• Macarona béchamel – baked pasta dish with ground meat and béchamel sauce
    • Mulukhiyah – soup or stew made with mallow leaves
    • Roz bil khalta - brown rice with nuts, raisins and meat bits.

    3.5. France

    A madeleine. A madeleine de Proust is a French expression specifically referring to Marcel Proust's description of comfort food in In Search of Lost Time. https://handwiki.org/wiki/index.php?curid=1132529
    • Crème caramel – custard dessert[34]
    • French onion soup – onion soup with cheese and bread[34]
    • Gratin dauphinois – potato slices baked with cream[21]
    • Pâté – cold meat paste[34]
    • Pot-au-feu – beef stew[35]
    • Tomates Farcies – Tomatoes stuffed with ground meat

    3.6. Hong Kong

    • Baked Porkchop Rice - a type of Hong Kong-style western cuisine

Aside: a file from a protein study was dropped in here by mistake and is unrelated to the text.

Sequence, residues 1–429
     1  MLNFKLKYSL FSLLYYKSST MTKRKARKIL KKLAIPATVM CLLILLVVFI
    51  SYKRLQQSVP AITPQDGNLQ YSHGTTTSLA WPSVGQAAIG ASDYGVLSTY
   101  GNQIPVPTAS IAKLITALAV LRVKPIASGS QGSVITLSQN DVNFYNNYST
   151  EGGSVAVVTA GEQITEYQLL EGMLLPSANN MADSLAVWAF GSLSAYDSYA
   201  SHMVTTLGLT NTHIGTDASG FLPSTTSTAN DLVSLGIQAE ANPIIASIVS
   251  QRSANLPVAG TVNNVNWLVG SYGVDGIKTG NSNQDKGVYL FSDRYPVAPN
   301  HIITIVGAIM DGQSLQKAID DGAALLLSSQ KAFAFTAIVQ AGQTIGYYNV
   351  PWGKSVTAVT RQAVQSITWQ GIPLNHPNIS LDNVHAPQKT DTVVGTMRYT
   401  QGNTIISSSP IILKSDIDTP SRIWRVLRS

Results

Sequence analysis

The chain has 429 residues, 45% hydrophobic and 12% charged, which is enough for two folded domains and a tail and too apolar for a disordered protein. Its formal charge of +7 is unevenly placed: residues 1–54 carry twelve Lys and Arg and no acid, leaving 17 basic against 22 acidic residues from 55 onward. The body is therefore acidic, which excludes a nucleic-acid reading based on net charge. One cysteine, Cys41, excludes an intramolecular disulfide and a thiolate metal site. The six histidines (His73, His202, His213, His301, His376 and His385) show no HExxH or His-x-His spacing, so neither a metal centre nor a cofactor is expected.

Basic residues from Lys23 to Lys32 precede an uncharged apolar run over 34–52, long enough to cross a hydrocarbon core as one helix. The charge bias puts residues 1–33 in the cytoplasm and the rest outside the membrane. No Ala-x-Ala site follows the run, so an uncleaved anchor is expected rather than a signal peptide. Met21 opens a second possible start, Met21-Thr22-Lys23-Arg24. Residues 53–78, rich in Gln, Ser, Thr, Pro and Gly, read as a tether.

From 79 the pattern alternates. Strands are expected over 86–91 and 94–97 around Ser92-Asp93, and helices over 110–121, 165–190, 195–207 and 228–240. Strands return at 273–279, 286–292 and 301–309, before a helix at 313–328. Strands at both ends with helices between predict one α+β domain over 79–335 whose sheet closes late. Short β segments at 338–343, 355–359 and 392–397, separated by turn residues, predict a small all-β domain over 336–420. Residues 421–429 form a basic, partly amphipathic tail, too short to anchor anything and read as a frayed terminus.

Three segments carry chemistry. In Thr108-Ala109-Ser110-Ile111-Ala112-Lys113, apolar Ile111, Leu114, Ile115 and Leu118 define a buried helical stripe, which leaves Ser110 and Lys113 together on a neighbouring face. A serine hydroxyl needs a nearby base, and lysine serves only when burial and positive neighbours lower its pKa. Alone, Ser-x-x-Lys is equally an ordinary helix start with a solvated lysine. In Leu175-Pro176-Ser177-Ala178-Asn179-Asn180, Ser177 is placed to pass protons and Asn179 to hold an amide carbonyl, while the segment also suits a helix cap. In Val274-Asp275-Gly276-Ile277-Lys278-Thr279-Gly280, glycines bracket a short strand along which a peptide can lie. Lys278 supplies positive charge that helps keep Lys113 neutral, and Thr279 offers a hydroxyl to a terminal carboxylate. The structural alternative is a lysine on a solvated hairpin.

• Cart noodle - an à la carte noodle dish traditionally sold using carts
    • Cha Chaan Teng food - a Hong Kong Style-Cafe
    • Dim Sum - small bite-sized portions of food served in small steamer baskets during yum cha
    • Egg Tart
    • Hotpot
    • Macaroni in broth - a type of Hong Kong-style western cuisine
    • Pineapple Bun - a type of pastry that resembles a pineapple
    • Put chai ko - a palm-sized pudding cake snack
    • Siu Mei – meats roasted on spits over an open fire or in a large rotisserie oven

    3.7. India

    • Biryani - Mutton, chicken, beef or lamb
    • Samosa
    • Cutlet
    • Radhaballavi - Deep-fried flatbread with a filling
    • Kochuri
    • Rolls
    • Momo
    • Fish fry
    • Sambar
    • Puri - Fried flatbread
    • Masala Dosa - rice crepes, with or without a filling of potatoes and onion
    • Khichri - Made with Rice and Legumes(Lentils,Mung bean etc)